10 Ways the Funeral Industry Has Failed
Don’t worry, I’m going to write a post about the ways the funeral industry has succeeded. But for now, here are ten ways we’ve failed.
One. Disconnected from Community
This is where things start to go horribly wrong. If you don’t have a personal investment in the community, if you don’t love the customers you work for, if you don’t live around them, send your kids to the same schools, shop at the same places, you lose the accountability of love and connection. Once that accountability is lost, death care ethics are on a much more slippery slope. This is why — for the most part — local, privately owned funeral homes are more likely to retain their good name, while large, corporate funeral homes tend to be slightly disconnected and slightly more likely to see this as primarily a business.
Two. Bad at receiving criticism
We’re notoriously bad at receiving criticism. To be fair, nobody is good at it. I mean, who likes to be told that we’re a bunch of racketeers over and over and over again? I know I don’t. Unfortunately, some of that criticism is true! We’re good at listening to market changes, in fact, our funeral director magazines are packed with advice on how we can respond to our customer’s wishes, but when constructive criticism comes from a customer, most of us are too biggety to listen.
Three. Intentionally Kept our Practices Hidden
God forbid we tell you what we do with your loved one. God forbid we publically write about what we do with your loved one. God forbid we blog about it (GASP!!!).
Four. Pushed Embalming Too Hard
Embalming is THE American Way of Death, or at least it was The American Way of Death. Yes, Jessica Mitford popularized that term with her book that holds the same title, but it was funeral directors who coined the term. The term was coined in a response to criticism from religious circles that claimed embalming was a pagan practice (the Egyptians did it for religious, but not Christian reasons). In response, funeral directors said, “No, embalming isn’t pagan, IT’S AMERICAN!” But that America was the America of nearly 80 years ago. America isn’t the same, but funeral directors still want it to be. MAEA! Make America Embalmed Again!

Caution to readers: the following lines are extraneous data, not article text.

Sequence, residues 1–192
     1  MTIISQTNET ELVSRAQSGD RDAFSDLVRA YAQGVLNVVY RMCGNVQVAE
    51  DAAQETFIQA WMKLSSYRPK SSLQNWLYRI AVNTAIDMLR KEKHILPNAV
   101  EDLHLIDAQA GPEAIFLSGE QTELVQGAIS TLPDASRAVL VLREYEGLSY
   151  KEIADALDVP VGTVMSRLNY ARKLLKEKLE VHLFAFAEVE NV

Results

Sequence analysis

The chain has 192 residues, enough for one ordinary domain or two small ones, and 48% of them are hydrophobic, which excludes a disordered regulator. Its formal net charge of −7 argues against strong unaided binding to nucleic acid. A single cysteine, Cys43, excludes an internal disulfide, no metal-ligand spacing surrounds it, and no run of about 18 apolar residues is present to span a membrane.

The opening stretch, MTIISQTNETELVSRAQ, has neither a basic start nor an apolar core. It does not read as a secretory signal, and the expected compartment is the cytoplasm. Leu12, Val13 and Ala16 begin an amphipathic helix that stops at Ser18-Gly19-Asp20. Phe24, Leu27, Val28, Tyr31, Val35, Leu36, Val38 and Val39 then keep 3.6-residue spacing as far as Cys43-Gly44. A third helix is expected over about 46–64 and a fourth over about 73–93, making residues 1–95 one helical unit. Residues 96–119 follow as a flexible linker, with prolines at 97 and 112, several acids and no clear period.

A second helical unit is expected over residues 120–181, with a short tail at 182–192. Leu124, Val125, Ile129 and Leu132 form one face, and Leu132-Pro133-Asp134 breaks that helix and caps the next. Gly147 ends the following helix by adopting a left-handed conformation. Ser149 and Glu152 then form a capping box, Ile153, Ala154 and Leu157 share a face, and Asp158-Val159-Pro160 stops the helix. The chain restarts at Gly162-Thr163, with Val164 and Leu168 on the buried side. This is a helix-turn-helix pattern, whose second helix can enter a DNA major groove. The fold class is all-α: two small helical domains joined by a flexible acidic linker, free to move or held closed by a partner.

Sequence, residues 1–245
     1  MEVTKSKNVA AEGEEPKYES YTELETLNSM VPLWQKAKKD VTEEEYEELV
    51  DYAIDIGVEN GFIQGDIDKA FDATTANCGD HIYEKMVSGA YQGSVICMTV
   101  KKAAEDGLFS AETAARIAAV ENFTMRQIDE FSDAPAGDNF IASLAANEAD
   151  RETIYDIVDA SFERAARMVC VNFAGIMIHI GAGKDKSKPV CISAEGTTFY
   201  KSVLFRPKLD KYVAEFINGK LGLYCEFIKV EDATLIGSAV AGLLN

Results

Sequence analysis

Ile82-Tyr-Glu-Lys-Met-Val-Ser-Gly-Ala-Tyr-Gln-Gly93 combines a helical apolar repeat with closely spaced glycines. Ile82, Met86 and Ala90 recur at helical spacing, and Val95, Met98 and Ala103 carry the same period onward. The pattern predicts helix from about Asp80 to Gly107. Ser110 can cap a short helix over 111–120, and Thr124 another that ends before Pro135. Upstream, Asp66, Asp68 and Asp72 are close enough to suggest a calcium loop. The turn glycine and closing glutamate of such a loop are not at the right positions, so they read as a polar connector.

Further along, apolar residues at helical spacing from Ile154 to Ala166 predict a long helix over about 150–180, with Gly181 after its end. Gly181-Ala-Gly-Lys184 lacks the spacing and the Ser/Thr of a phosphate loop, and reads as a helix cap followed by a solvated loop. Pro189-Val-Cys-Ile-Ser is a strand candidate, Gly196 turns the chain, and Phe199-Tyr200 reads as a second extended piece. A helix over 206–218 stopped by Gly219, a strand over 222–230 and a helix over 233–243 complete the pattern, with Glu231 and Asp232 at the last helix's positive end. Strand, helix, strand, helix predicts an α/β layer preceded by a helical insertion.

Five. No Support System for Funeral Directors
This is on two levels: funeral directing — like many professions — started as a trade, where the apprentices were trained by masters. Most states (all states?) still require a year of apprenticeship in order to gain licensure, but that apprenticeship needs to continue long after we become licensed. We need mentors to walk us through this trade. Two: we need support groups of some kind that can catch us when we’re falling from the burnout and compassion fatigue that too often comes with this line of work. Currently, most of us have neither.
Six. Too Often Erred on the Side of Business
We should be erring on the side of service. This perspective changes the way we approach money, and it changes the way we approach people.
Seven. Narcissism Checks
We’re called to be directors, to display confidence, knowledge, authority, and strength during people’s weakest moments. But this environment that asks us to lead can too often enable us to self-enhance. We talk over our heads, project authority in situations that are best left to the family and tense up in disdain whenever we’re questioned. There needs to be better checks and balances in place to keep us from sliding towards narcissism.
Eight. Too Much Professionalism
There’s not wrong with being professional. In fact, funeral directors should embody respect, courtesy, and kindness. But, professionalism says something more. It makes a distinction between those who are the professionals and those who are amateurs. Let’s be very clear about one thing: a funeral director’s education, a funeral director’s experience makes them good at helping families with their funerals, but LOVE, and only love, makes someone the best of professionals when dealing with their own deceased. That is, it’s love, and not foremost education and experience, that gives you authority with a dead loved one. In an attempt to embody professionalism, we funeral directors have stolen death care from the true professionals.
Nine. Like Most Industries, WE NEED MORE WOMEN
Amen and amen.
Ten. At times, we’ve failed you
Most of the women and men in the funeral profession are good, smart and service-oriented. But some of us aren’t. And even the good ones can fall into the traps of this business. For that, we’re sorry. We’re sorry if we’ve failed you. We can do better. We will do better.
If you’d like a personal, transparent view of what it’s like to be in the funeral profession, please consider supporting my writing by pre-ordering my book: